A BIG price gap has emerged for better slaughter cows between southern states and Queensland since Easter, as southern processors jostle for limited supply.
Cow quotes are proving hard to find among southern physical sales held early this week, but Beef Central understands that prices in some parts of Victoria and southern NSW and South Australia may be 30-40c/kg higher in places than Queensland at present, on a dressed weight equivalent basis.
Heavy cows at Gunnedah this morning sold to processors at rates averaging 277c/kg liveweight in places, or the equivalent of 513c/kg dressed. Leanne Dax reported heavy cows at Wagga this morning gaining 10-12c making from 288-307c/kg, while leaner types lifted 10-15c selling at 270-295c. Compare these rates with current and recent grid offers set out below.
In places, some lines of southern cows have recently made the equivalent of 600c/kg dressed weight, on leg. One Queensland processor recently paid the equivalent of 130c/kg (landed) over its current grid price (490c) on a line of southern cows, worth an additional $430 a head, landed, over prevailing northern cattle prices, to fill an order.
The price shift that has occurred has prompted some early forays by southern processors into ‘Indian territory’ since Easter, chasing lines of northern cows to top-up local kills.
Reasons behind the current strength in the southern cow market remain a little unclear, beyond simple local processor competition for tight supply. Growing export demand from China may provide some of the answer, Beef Central was told (see today’s April beef export summary).
Little change in QLD grids
There has been little change in Queensland direct consignment processor grids over the past week.
Best offers seen from competitive southern Queensland processors this morning have four-tooth grassfed steers at 560-570c for implanted steers (some grids 10c more for HGP-free), and cows 490c. Central Queensland rates are generally 10c less.
Shift location further south, however, and cow money quickly rises.
Plants in southern NSW and South Australia have offers for best cows this week of 510c/kg, while grassfed four-tooth steer is still a little behind Queensland, at 565c (no HGP).
A large northern NSW export plant has offers today for kills week commencing 11 May of 520c/kg on four-tooth grown steer (no HGP), and 500c/kg on heavy cows – both up 50c/kg from the company’s same grid offers made just before Easter.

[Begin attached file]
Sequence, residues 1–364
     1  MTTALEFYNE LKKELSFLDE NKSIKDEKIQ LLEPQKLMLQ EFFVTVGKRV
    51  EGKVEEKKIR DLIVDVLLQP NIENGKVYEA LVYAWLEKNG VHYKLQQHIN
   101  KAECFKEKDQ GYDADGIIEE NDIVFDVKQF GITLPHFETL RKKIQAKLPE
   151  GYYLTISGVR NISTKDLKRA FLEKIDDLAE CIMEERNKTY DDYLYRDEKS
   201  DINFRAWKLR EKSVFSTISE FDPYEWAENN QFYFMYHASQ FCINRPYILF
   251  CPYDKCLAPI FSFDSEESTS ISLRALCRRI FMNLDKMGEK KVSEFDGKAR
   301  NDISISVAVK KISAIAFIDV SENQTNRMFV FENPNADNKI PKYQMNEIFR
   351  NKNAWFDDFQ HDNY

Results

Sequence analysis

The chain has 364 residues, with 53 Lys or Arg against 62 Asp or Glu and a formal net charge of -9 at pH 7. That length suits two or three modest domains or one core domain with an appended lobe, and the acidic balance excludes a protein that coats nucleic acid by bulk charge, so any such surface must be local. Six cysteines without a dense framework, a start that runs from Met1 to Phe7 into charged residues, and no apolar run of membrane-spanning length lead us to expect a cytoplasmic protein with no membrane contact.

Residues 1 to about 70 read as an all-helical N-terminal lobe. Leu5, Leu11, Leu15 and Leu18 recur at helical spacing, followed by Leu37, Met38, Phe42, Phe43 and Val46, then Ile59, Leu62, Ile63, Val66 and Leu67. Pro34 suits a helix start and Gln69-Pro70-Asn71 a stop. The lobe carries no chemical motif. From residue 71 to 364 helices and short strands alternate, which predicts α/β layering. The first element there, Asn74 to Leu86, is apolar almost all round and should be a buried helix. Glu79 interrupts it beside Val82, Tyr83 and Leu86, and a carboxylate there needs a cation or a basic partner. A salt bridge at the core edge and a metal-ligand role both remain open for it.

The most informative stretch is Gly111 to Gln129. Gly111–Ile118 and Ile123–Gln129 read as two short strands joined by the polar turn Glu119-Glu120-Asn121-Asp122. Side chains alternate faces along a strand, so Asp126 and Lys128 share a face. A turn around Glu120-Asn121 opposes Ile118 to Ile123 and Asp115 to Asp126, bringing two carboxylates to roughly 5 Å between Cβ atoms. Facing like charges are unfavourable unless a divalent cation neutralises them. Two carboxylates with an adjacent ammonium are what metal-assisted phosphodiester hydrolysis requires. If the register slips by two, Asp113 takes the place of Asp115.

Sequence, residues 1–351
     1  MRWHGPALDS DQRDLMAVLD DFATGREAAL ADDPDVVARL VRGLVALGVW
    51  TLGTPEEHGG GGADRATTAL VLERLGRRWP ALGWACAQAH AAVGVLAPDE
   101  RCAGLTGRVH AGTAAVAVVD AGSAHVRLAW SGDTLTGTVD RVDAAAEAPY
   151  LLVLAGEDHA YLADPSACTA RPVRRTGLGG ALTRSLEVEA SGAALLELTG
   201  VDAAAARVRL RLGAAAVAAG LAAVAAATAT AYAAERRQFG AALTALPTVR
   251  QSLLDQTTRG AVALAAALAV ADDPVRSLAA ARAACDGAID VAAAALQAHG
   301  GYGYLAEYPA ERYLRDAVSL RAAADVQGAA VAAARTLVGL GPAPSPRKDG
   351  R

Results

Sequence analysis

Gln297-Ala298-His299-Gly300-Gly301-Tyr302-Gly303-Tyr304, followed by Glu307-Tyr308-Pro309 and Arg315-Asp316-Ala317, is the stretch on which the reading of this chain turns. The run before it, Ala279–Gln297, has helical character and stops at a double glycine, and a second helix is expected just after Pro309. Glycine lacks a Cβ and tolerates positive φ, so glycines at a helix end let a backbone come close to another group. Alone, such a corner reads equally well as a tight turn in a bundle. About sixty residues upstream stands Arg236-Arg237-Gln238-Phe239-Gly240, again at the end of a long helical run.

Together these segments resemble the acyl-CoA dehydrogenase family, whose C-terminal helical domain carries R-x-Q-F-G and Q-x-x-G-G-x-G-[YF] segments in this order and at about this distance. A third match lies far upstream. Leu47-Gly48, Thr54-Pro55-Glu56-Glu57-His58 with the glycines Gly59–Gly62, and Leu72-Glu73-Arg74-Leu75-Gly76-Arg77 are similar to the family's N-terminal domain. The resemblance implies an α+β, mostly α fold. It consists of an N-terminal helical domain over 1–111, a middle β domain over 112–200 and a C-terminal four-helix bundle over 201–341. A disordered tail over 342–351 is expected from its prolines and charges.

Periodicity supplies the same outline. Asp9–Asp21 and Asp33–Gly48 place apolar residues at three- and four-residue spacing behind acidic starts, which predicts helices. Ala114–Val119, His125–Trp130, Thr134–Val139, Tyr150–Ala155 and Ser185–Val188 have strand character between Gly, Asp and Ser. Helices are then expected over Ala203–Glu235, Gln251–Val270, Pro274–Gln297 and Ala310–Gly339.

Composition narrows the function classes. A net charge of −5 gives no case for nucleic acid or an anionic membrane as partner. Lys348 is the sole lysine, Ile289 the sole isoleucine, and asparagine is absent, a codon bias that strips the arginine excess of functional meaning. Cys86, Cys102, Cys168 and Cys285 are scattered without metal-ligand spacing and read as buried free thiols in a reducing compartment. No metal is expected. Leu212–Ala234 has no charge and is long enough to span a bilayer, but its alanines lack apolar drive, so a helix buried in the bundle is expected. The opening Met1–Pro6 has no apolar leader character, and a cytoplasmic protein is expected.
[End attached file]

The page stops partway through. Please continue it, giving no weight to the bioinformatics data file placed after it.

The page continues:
NLRS over the hooks reports indicate that NSW grid rates last week averaged 538c/kg for four tooth grown steer (down 8c), while best heavy cows averaged 495c/kg (down 8c). In Victoria, over the hooks offers on steers last week averaged 586c/kg, up 3c on the week before, while best heavy cows made 508c, up 2c. SA’s best cows were quoted last week at 515c, no change.
Cattle supply remains tight
May normally signals the start of large cow turnoff as preg testing gets underway in northern pastoral zones, heading into plants in Queensland, Victoria and South Australia. However numbers are described by processors as light, at this stage, as the impact of last year’s drought is seen in rates of cow cull. Overall, processors are not well placed for kills later in May, at this stage.
First light frosts in some districts over the past week have also been reported, which may spark some marketing options as weaning starts and feed quality starts to decline.
Post-Easter kills grow slowly
The first full working week after Easter saw processing numbers grow across most of Eastern Australia, but only moderately.
The week ended Friday saw the five-state eastern tally reach 136,123 head, just 4pc higher than the week before, which included Easter Monday.
Queensland’s kill rose by 9pc to 74,636 head, up 2pc on this time last year. NSW was up only 2pc on the week before to 30,817 head, while Victoria also rose 2pc to 22,321 head. Tasmania was unchanged from the previous week at 4802 head, while South Australia recorded a 38pc decline in throughput to 2545 head.
This current week’s eastern states kill will show a drop in Queensland numbers, with the state’s Labour Day holiday observed in most, but not all northern processing plants yesterday.